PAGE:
Q I am in the film business. And while I am no actor or producer, I average probably a black-tie affair a week. I don't have the money of a producer, either. But "black tie" is business dress for me. So I'd like to have a little more variety without buying three more tuxedos. Any suggestions?
A: Stay with the classics for your evening suit; leave the variations for your accessories.
One of the first changes in "proper" black-tie dressing was the introduction of flattering wing collar shirts (more correctly worn with tailcoats for white-tie dressing).
Next came variations on the cummerbund: Some were simply a switch from black to red or from solid silk to questionable brocade. Others were more esoteric and fun such as the cartoon caricature design that President Bush -- surprisingly -- was photographed wearing.
Color departures from black silk bow-ties were all too common, with bright fire-engine red being the most often seen (and perhaps most offensive) version. Invariably, not-very-sophisticated dressers echoed the color of these too-bright bow-ties with the same -- too obvious -- shade of silk pocket square. This can be done with style if the colors are subtler. I found a distinctive combination for one of my individual clients: A pair of green-and-blue enamel on gold cuff links at Tiffany & Co. plus a quiet green and navy Black Watch plaid
silk bow-tie and solid deep green (nearly black) pocket square.
Some men like startling braces (suspenders) in vivid patterns, such as huge black-and-white polka dots as variations to black-tie dressing.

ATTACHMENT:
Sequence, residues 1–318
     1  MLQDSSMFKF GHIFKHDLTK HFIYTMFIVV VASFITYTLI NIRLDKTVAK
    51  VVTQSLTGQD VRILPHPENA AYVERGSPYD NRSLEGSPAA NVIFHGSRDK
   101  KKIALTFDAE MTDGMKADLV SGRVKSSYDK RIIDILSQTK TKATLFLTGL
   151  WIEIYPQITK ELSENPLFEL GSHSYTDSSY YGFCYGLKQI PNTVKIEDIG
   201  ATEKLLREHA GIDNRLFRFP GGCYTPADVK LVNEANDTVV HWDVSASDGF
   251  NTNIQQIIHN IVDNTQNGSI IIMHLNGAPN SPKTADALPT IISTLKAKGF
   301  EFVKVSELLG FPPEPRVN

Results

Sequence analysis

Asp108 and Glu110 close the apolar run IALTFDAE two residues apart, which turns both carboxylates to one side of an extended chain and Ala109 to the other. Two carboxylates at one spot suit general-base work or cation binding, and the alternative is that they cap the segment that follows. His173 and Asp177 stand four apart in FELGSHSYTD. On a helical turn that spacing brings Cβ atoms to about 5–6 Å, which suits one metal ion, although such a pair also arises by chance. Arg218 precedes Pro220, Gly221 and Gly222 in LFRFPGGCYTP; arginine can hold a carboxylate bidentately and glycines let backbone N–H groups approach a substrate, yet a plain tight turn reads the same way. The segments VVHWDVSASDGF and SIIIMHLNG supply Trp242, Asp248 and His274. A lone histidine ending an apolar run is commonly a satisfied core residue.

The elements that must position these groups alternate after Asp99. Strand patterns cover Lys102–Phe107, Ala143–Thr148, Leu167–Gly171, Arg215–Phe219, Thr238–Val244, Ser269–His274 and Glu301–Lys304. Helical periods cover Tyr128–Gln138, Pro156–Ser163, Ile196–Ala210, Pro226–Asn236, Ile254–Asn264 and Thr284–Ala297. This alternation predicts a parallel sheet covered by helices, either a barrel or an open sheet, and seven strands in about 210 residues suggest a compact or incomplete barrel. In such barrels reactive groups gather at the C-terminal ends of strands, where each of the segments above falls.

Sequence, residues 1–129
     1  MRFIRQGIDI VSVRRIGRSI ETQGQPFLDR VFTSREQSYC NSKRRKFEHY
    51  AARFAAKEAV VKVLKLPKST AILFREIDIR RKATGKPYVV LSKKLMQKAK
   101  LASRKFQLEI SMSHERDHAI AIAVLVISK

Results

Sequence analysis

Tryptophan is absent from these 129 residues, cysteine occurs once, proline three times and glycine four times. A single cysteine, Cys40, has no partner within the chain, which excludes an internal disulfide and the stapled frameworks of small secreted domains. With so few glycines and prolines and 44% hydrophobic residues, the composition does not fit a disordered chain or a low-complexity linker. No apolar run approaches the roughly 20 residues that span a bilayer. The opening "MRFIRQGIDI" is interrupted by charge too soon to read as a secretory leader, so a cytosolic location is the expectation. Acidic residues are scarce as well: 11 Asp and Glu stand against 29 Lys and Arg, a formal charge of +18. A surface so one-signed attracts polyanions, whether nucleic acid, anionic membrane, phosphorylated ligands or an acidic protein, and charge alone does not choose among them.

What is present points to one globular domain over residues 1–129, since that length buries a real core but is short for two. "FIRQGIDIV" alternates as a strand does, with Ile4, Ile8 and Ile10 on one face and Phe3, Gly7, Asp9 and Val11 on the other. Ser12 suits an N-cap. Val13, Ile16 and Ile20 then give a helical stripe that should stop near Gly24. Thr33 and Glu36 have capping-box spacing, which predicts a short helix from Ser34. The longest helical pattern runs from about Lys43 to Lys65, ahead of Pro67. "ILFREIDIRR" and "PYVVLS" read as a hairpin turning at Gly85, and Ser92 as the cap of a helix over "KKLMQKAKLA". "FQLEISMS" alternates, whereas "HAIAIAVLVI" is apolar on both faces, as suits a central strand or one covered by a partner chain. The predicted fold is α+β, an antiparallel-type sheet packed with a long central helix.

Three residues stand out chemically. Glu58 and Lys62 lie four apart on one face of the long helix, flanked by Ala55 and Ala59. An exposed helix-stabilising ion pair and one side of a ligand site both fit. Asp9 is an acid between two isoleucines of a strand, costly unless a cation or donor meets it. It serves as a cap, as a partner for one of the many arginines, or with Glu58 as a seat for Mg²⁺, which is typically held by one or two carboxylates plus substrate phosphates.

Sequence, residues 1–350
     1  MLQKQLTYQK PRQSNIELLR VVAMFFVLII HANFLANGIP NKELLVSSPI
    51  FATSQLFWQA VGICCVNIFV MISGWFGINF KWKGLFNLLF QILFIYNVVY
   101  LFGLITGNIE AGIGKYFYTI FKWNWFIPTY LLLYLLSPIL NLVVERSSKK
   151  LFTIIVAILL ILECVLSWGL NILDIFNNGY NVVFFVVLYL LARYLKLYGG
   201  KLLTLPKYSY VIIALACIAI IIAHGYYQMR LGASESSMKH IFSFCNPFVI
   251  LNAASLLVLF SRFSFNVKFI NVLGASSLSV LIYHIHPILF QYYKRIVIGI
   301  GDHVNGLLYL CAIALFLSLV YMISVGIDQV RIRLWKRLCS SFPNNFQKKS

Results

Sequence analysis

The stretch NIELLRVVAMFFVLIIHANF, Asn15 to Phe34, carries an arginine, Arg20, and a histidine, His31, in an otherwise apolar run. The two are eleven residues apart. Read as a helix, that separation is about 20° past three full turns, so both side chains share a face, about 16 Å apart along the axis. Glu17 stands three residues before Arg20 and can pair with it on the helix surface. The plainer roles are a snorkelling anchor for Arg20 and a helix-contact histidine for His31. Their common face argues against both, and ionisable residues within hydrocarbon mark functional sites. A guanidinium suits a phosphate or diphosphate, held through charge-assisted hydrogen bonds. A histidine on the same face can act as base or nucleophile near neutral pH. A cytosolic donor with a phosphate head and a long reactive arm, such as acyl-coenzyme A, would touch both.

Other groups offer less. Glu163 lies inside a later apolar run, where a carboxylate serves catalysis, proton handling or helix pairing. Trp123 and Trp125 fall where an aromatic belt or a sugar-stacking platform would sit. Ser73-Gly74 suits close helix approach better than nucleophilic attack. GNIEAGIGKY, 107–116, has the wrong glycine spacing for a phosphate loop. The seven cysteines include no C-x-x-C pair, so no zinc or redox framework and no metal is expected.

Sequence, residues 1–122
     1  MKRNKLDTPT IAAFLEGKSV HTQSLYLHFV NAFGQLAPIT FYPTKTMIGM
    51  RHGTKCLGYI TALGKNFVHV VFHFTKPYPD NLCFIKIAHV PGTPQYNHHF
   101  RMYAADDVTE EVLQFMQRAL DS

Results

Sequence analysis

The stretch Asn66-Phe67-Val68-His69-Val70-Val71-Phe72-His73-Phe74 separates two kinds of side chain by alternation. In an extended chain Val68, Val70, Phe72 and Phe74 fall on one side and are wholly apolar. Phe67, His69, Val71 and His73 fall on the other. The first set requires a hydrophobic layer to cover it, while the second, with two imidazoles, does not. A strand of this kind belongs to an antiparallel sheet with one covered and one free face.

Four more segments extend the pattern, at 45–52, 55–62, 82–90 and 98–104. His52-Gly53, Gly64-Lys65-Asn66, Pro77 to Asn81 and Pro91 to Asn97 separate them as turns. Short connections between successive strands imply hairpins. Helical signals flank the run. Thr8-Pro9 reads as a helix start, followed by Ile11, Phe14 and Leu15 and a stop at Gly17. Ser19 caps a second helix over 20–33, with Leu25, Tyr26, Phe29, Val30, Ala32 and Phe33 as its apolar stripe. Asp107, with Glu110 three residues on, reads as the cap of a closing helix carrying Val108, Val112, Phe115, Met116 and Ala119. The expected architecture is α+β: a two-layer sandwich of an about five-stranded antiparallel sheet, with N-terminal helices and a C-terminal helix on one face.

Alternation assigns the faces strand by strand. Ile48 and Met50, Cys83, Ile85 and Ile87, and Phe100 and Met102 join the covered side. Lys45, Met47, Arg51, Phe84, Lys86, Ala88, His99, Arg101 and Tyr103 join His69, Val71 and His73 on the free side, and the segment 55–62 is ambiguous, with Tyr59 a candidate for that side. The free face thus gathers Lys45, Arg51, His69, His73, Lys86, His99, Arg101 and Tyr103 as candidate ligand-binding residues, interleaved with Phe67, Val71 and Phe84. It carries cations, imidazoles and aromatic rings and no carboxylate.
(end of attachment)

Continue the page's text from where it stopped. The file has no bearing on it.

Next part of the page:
The latest, offbeat variation is the plain-and-plaid formal dress shirt by Troy Guild. The shirt appears to be
cotillion-correct when covered by the jacket; collar, cuffs, and pleated front are the expected white. But when the jacket is removed, plaid sleeves are revealed. Unique and fun, but not for everyone. As a change from conservative black tie, it's a unique idea for formal wear and after-parties unwinding.
Your financial concern about three tuxedoes makes sense, but it seems in your line of work, a second -- perhaps with a different lapel -- would be a logical investment.
Send your questions or comments to Lois Fenton, Today in Style, The Sun, 501 N. Calvert St., Baltimore, Md. 21278. Ms. Fenton welcomes questions about men's dress or grooming for use in this column but regrets she cannot answer mail personally.
Ms. Fenton, the author of "Dress for Excellence" (Rawson Associates, $19.95), conducts wardrobe seminars for Fortune 500 companies around the country.